Vaughan, Nelson sold
New England Investment Cos. is acquiring Vaughan, Nelson, Scarborough & McConnell, a Houston core manager with $1.7 billion in equity, fixed-income and balanced portfolios. Terms weren't disclosed. The acquisition will bring New England's total assets to $85 billion. Vaughan, Nelson will continue to operate independently under its own name and management; it is New England's first affiliate in the Southwest.
Trio leaves Sarofim
Three investment executives at Fayez Sarofim & Co. have joined with Prometheus Advisors' executives to form Cypress Asset Management, a new Houston-based large-cap growth equity and balanced manager.
Prometheus folded its $80 million under management into Cypress.
William L. Garwood Jr. and Frank P. Lee, both vice presidents and portfolio managers at Sarofim, and David E. Jorden, senior principal, join Prometheus executives Ron Lerner and Dan Japhet at the new firm.
The three former Sarofim principals have not been replaced and their duties have been reassigned to other staff members, a spokeswoman said.
Cashman team opens shop
The equity department of defunct Cashman Farrell & Associates has opened up an equity firm with $330 million in active domestic equities. The new firm, Cashman and Associates, will use the same large-cap, bottom-up value style Cashman Farrell used. Daniel V. Cashman is CIO of the new venture; Donald J. McBride is the new firm's client contact; both were partners at the old firm.
East Hartford hires 2
Moving to multiple managers, the $110 million Town of East Hartford (Conn.) Retirement Fund hired two international equity managers, said Barbara J. Avard, director-finance. Brandes Investment Partners and Simms Capital Management each will be assigned $3.5 million.
Funding came from Aeltus, which ran the international equities and had been the fund's sole manager; it will continue to run the rest of the fund's $103 million, all in domestic investments.
Dean Witter Reynolds assisted in the searches.
Morales quits Houston Fire
Jennifer Morales, executive director of the $1 billion Houston Firemen's Relief and Retirement Fund, is resigning to pursue an advanced degree. Ms. Morales, who has been executive director since 1992, will continue working with the system on a consulting basis for the next six months. Pam Monroe, deputy director, will serve as acting executive director until a replacement is named. Ms. Monroe said the board is evaluating whether to form a search committee or to promote from within the system. No timetable has been established for naming a replacement.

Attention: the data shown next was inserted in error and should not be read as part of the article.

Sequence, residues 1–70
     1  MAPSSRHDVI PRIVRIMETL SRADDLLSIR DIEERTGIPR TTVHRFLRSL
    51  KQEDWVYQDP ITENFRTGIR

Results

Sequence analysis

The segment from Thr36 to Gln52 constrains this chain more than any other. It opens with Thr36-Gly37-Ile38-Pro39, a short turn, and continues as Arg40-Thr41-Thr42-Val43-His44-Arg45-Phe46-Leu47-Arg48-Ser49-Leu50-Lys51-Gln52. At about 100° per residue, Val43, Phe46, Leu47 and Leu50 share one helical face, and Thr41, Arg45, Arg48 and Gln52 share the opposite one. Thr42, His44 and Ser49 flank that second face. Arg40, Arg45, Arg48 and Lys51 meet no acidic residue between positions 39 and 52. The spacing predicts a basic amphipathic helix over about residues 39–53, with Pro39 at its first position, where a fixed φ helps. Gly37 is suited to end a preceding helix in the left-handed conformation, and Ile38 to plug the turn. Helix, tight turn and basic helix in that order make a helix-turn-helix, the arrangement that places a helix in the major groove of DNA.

Japanese sales tracked
Opportunity funds backed primarily by U.S. pension funds bought 60% of the U.S. properties sold by Japanese institutions last year, according to the E&Y Kenneth Leventhal Real Estate Group's annual report on Japanese Disinvestment of U.S. Real Estate.
Official estimates of Japan's soured real estate loans total $400 billion, which is more than four times the $90 billion in troubled real estate assets sold by the Resolution Trust Corp. Japanese owners and lenders are expected to sell between $40 billion and $50 billion of U.S. property in the next five years, according to E&Y Kenneth Leventhal.
TFA drops suit
Trust Fund Advisors has withdrawn its lawsuit against Sierra Capital Management, a firm started by three former TFA staffers.
TFA sued Sierra's principals to stop them from soliciting TFA clients, but TFA President Michael Steed said the two sides reached a settlement. Neither he nor Sierra President Bruce Dereschuk would reveal terms of the settlement.
TFA already has replaced the executives and is searching for an additional West Coast-based marketer who will be located in northern California.